Hey there, time traveller!
This article was published 10/1/2014 (960 days ago), so information in it may no longer be current.
To say the election of Terry Nelson as grand chief of the Southern Chiefs' Organization is going to be interesting is an understatement. The controversial First Nations leader has a knack for getting under people's skin and creating sensational headlines.
I suggest we wipe the slate clean and get off to a fresh start with Grand Chief Nelson. There are a lot of reasons this makes sense.
I know Terry quite well and I have worked with him on various projects over the years. He shares many attributes with another headline-grabbing activist who passed away last year, Nick Ternette, who was also a colleague of mine from time to time.
Both men have suffered from being grossly misunderstood and underestimated.
It wasn't until Nick Ternette's later years people came around to realizing there was substance behind the unruly hair, wildly waving hands and German accent. I recall one mayoralty debate in which Nick pretty much mopped up the floor with the other candidates because, quite simply, he could recite the policies, procedures and bylaws of city hall almost word for word, and he had some solid ideas.
One prominent First Nations leader came up to me following that debate and said, "I didn't know this guy Ternette really knows what he's talking about. I never met him in person before and I always thought he was some kind of kook."
Terry Nelson can recite the treaties, guide you through the Indian Act and he knows the ins and outs of things such as "contribution agreements" like few others. Business and political matters roll off his tongue. The guy knows his stuff.
But how many regular Canadians ever get to sit down with Nelson and get to know him beyond what they've gleaned from 30-second sound bites?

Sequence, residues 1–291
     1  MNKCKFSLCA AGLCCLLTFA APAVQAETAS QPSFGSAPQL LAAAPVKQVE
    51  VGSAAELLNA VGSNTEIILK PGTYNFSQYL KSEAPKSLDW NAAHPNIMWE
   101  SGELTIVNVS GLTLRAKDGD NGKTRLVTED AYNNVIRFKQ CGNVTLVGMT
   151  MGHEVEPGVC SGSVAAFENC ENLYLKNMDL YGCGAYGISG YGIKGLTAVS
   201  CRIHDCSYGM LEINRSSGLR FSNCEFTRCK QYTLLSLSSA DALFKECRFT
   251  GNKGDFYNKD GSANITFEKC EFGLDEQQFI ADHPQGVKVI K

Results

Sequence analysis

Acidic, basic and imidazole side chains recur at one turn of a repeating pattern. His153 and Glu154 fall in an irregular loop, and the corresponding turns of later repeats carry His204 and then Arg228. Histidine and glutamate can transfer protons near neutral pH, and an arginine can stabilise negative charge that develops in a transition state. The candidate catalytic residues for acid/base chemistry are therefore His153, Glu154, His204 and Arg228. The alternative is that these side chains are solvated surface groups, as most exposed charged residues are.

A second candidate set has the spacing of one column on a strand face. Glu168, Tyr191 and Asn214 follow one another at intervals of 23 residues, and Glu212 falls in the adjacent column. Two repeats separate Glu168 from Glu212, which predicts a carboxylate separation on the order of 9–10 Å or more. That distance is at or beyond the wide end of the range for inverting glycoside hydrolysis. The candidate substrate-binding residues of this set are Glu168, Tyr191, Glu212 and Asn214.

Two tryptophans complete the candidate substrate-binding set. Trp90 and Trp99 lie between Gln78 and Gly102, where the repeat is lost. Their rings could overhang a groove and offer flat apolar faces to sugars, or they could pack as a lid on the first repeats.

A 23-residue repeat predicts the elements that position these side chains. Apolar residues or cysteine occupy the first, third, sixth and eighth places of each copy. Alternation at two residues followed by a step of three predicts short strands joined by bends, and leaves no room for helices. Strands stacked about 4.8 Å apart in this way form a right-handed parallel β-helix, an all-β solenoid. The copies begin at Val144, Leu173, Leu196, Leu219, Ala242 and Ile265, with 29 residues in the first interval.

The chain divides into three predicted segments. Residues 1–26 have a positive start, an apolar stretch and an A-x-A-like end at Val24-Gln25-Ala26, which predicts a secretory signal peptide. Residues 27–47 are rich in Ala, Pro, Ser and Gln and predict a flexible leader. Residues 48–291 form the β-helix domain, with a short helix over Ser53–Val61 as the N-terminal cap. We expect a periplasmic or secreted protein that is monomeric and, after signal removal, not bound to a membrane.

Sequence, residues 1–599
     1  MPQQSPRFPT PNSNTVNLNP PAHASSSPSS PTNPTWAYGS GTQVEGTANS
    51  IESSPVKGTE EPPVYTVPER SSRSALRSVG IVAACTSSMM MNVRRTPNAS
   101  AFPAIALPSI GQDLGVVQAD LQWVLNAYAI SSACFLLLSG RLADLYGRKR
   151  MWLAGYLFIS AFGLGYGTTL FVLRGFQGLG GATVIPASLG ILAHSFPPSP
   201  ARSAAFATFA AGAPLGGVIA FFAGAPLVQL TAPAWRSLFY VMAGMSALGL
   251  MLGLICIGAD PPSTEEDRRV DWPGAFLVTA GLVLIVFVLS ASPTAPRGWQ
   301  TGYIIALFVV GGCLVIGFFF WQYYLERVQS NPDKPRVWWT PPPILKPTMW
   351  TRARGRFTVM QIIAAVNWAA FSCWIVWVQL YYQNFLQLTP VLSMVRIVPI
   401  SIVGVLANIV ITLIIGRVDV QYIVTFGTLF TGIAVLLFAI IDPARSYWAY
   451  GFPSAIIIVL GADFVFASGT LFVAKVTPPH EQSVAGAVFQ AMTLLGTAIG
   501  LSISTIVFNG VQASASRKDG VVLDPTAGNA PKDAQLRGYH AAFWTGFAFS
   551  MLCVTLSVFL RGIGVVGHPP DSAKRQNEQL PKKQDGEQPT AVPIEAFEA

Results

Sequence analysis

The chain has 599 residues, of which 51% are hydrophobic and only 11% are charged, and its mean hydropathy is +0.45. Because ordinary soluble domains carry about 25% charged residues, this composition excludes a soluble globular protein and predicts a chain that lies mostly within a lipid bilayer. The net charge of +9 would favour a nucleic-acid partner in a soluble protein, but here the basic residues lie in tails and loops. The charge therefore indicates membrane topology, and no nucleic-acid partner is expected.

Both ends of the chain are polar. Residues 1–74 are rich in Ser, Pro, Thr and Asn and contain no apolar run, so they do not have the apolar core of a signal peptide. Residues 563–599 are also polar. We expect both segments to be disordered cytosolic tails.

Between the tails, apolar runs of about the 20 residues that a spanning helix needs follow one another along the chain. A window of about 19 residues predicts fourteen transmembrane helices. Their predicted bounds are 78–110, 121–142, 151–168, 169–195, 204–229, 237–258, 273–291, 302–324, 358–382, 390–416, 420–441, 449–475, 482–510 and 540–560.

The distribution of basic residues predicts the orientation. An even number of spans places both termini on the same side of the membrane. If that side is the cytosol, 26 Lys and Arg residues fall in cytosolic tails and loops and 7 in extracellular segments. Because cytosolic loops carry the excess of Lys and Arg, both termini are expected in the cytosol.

Even his own people have had difficulty rallying behind Terry.
I remember how he stole the show at the AFN leadership meeting in Calgary (when Shawn Atleo was first elected) by presenting a well-organized, substantive speech that surprised the delegates. They couldn't elect Terry, even though many agreed he was saying what really needed to be said. Many of the chiefs gave lip service to Terry's proposals to dismantle Indian Affairs, abolish the Indian Act and use the treaties to govern the relationship between First Nations and Canada, but they couldn't vote for him because he was going too far, too fast. Besides, there's that controversial public image.
There are always methods behind Nelson's seeming madness. The trip to Iran? Hey, indigenous people rarely go wrong when they can carry their cause on the international stage, no matter what global stage, and there is a lot of investment capital in Iran.
Speaking of economic development, Terry's quote: "We don't need the white man's money. We need a share of our own wealth" is something few would disagree with.
One of his first priorities at SCO will to be arrange independent, self-sustaining funding for the organization. Taxpayers will agree with that even though we won't be able to stifle Terry by cutting off funding.
No allegations of financial wrongdoing or mismanagement by Nelson has ever been proven.
Many folks didn't like that "militant" railway blockade Nelson organized when he was chief of Roseau River First Nation a while back. But just check and see how soon after the blockade the land claim worth $80 million was settled in favour of Roseau.
The issues are complex and space doesn't allow me to fully address the substance that Terry Nelson brings to the table but doesn't get sampled or swallowed.
People like Nelson and Ternette are often dismissed as gadflies but, in Nick's case, we realized we shouldn't have been shooing him for so long.
Time will tell with Terry Nelson.
Don Marks is a Winnipeg writer.